In computing, busdma, bus_dma and bus_space is a set of application programming interfaces designed to help make device drivers less dependent on platform-specific code, thereby allowing the host operating system to be more easily ported to new computer hardware.[1][2] This is accomplished by having abstractions for direct memory access (DMA) mapping across popular machine-independent computer buses like PCI, which are used on distinct architectures from IA-32 (NetBSD/i386) to DEC Alpha (NetBSD/alpha).[1] Additionally, some devices may come in multiple flavours supporting more than one bus, e.g., ISA, EISA, VESA Local Bus and PCI, still sharing the same core logic irrespective of the bus, and such device drivers would also benefit from this same abstraction.[1]: §1.2 Thus the rationale of busdma is to facilitate maximum code reuse across a wide range of platforms.[1]: §5

Circa 2006, bus and DMA abstractions made it possible for NetBSD to support 50 hardware platforms and 14 CPU architectures out of a single source tree, compared to the forking model used by Linux ports.[2]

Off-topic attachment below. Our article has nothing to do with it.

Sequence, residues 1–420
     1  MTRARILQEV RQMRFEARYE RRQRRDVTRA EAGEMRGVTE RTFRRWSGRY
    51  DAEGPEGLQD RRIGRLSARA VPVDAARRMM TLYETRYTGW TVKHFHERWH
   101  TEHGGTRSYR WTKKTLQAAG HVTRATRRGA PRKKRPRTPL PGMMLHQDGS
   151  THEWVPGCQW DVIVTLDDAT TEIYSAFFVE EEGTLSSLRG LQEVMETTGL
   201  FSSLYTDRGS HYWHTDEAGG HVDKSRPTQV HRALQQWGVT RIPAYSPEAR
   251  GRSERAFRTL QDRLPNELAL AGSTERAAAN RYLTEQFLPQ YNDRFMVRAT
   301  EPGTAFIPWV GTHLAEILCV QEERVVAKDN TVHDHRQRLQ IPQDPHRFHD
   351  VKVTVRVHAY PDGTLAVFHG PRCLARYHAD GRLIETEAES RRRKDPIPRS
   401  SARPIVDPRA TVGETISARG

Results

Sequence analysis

Originally implemented as the "bus_dma" APIs by the developers of the NetBSD operating system,[1][3] busdma has been adopted by OpenBSD, FreeBSD and their derivatives; with FreeBSD incorporating it under a busdma umbrella (without an underscore). Both NetBSD and OpenBSD have additional "bus_space" APIs[4] that have been amalgamated into the version of busdma incorporated into FreeBSD. DragonFly BSD developers are also slowly converting their drivers to use busdma.


  1. ^ a b c d e Jason R Thorpe; NASA Ames Research Center (1998). A Machine-Independent DMA Framework for NetBSD (PDF). Proceedings of the FREENIX Track: 1998 USENIX Annual Technical Conference. USENIX.
  2. ^ a b David Chisnall (2006-10-06). "NetBSD: Not Just for Toasters". InformIT. Prentice Hall Professional. Retrieved 2019-07-25.
  3. ^ Jason R Thorpe; NASA Ames Research Center (1997). "bus_dma, … — Bus and Machine Independent DMA Mapping Interface". BSD Cross Reference. NetBSD, FreeBSD, OpenBSD, DragonFly BSD.
  4. ^ Christopher G. Demetriou (1997). "bus_space, … — bus space manipulation functions". BSD Cross Reference. NetBSD, FreeBSD, OpenBSD, DragonFly BSD.